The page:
It is written:
For Christ also suffered once for sins, the just for the unjust, that He might bring us to God, being put to death in the flesh but made alive by the Spirit, 19 by whom also He went and preached to the spirits in prison, 20 who formerly were disobedient, when once the Divine longsuffering waited in the days of Noah, while the ark was being prepared, in which a few, that is, eight souls, were saved through water. (1 Peter 3:18-20)
The Apostle Peter had a great deal to say regarding the Descent of Christ into Hades.
Not only did he speak of this on the Day of Pentecost (as we have noticed from Acts 2:23-32), but he addresses the same in his first Epistle in at least two passages: 1 Peter 3:18-20 and 1 Peter 4:6.
Before we examine these two passages, we need to familiarize ourselves with the overall context.
One of the main themes of 1 Peter deals with the subject of suffering. These disciples to whom Peter was writing were undergoing very difficult times and trials. Peter wants them to understand that their suffering is not in vain-instead, God has a purpose for allowing their hardships and heartbreaks. Indeed, God is going to allow their suffering in order to bring about great good!
Suffering can help to demonstrate the genuineness of our faith, and this will lead to praise, glory, and honor when Jesus returns (1 Peter 1:6-7);
Suffering that we endure can lead to the conversion of sinners when they witness how Christians face the trials of life and persecution (1 Peter 2:12);
Suffering enables Christians to walk in the footsteps of Jesus, and allows us to learn to trust in God as He did (1 Peter 2:21-25);
Suffering for the sake of righteousness will lead to God blessing us (1 Peter 3:14);
Suffering for the Lord in the face of hostile neighbors can lead to opportunity to teach God’s Word to our enemies so that they may hopefully be “ashamed” and saved (1 Peter 3:15-16);
Suffering for Christ will lead us to rejoice in the good that God is going to bring (1 Peter 4:12-13);
Suffering for the Lord will lead to a greater display of the Holy Spirit in our lives (1 Peter 4:14);
Suffering helps us to learn to be humble and to cast all of our cares upon God (1 Peter 5:6-7);
Suffering for the Lord reminds us of the bond and fellowship that we have with other Christians around the world (1 Peter 5:8-9);
Suffering for the cause of Christ will help to perfect, establish, strengthen, and settle us (1 Peter 5:10).
Notice specifically that suffering can be allowed by God in order to save the lost. Peter specifically mentions this as a logical consequence of what Christ did on Calvary:
1 Peter 2:21-25-For to this you were called, because Christ also suffered for us, leaving us an example, that you should follow His steps: 22 “WHO COMMITTED NO SIN, NOR WAS DECEIT FOUND IN HIS MOUTH”; 23 who, when He was reviled, did not revile in return; when He suffered, He did not threaten, but committed Himself to Him who judges righteously; 24 who Himself bore our sins in His own body on the tree, that we, having died to sins, might live for righteousness—by whose stripes you were healed. 25 For you were like sheep going astray, but have now returned to the Shepherd and Overseer of your souls.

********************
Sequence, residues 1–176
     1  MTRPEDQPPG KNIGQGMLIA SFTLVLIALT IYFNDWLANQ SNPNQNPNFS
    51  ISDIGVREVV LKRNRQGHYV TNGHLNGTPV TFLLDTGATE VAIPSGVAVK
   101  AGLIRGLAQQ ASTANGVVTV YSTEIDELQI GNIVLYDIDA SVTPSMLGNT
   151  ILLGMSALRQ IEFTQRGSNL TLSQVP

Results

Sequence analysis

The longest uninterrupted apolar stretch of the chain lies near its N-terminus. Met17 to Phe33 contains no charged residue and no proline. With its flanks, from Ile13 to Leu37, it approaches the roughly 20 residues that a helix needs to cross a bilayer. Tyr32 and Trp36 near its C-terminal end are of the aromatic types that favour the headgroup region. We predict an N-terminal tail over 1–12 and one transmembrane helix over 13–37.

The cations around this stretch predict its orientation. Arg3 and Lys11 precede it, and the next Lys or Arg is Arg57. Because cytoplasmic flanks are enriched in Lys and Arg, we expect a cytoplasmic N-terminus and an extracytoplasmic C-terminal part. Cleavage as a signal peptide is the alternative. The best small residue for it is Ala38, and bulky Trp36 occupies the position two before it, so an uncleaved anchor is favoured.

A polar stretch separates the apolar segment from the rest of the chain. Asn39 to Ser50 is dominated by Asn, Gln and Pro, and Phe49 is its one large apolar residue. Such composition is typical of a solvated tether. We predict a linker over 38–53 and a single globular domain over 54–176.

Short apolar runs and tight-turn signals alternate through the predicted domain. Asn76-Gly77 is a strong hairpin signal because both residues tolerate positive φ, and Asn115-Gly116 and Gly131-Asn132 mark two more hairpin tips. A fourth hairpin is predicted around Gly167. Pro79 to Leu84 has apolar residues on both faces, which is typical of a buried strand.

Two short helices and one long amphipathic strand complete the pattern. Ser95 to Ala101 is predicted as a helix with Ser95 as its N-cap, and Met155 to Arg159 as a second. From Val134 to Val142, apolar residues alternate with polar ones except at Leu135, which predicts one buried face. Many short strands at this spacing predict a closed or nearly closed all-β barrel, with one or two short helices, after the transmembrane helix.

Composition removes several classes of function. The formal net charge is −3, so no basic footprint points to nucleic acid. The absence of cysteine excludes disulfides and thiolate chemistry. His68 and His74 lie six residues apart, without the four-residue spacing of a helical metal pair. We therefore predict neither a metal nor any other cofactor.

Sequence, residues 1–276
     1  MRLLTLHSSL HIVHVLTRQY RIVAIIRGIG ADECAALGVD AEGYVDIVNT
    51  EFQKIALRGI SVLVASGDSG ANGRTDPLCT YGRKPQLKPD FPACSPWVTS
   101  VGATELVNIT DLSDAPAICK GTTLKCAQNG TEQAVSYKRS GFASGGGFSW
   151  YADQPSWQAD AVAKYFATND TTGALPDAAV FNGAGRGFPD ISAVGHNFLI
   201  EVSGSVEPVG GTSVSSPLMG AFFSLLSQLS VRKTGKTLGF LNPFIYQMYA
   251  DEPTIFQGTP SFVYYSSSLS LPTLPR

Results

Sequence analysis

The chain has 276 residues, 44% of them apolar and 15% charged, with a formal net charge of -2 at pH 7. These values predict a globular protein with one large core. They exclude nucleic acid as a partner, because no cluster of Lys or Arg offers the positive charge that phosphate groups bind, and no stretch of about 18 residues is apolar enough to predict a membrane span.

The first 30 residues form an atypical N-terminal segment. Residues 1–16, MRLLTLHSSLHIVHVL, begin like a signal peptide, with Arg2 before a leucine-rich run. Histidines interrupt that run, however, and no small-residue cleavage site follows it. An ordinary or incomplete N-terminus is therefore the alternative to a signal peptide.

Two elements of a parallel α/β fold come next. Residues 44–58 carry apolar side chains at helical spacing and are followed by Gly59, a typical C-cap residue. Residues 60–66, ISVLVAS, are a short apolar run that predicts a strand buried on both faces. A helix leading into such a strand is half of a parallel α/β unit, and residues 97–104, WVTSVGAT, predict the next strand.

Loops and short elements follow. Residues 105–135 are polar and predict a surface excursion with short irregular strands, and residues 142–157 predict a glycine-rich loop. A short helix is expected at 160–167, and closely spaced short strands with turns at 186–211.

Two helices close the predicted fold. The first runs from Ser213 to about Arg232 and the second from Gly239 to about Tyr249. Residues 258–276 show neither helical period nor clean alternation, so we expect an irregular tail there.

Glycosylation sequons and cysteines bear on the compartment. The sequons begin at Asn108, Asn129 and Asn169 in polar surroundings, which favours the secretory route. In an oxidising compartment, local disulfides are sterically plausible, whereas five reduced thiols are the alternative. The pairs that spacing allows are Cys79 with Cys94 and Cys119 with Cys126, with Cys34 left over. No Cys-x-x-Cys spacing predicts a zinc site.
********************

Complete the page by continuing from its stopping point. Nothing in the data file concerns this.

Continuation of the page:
The amazing love of Jesus shown especially in His suffering leads people to return to Him like sheep who had gone astray.
Indeed, the very text we are studying emphasizes how through His suffering, Christ “might bring us to God.”
In the same way, the suffering that we experience in life as we are persecuted for being Christians may lead others to be saved through our example and through our proclamation of God’s Word:
1 Peter 2:11-12-Beloved, I beg you as sojourners and pilgrims, abstain from fleshly lusts which war against the soul, 12 having your conduct honorable among the Gentiles, that when they speak against you as evildoers, they may, by your good works which they observe, glorify God in the day of visitation.
Peter encourages the Christians to live Christ-like lives, and one reason is because of the hope that our enemies will “glorify God.”
What does this mean?
“We see the same contrast in Revelation between those who believe and glorify God (Rev 11:13) and those who refuse to repent and do not honor him (Rev 16:9). Peter exhorted believers to live noble lives because in doing so unbelievers will see their good works. Because they observe such works, some unbelievers will repent and believe and therefore give glory to God on the last day.28 The use of the participle “see” (from the verb epopteu) also suggests that salvation is in view, for the same term is used in 1 Pet 3:2, where the submission of wives is intended to lead to the salvation of unbelieving husbands. Peter was confident that some unbelievers will be saved when they notice the godliness of believers. The unbelievers may revile Christians, but as they notice the goodness in their lives, some will repent and be saved, and as a result of their salvation God will be glorified.” (Thomas R. Schreiner, The New American Commentary: 1, 2 Peter, Jude, Volume 37, 124 (Kindle Edition); Nashville, TN; B&H Publishing Group)
To “glorify God” meant to convert to Him.
So through our suffering, the hope is that God will be glorified by people turning to Him and being saved.
This sets the stage for what Peter tells us about regarding the Descent of Christ into Hades.
The grace of the Lord Jesus Christ, and the love of God, and the communion of the Holy Spirit, be with you all. Amen.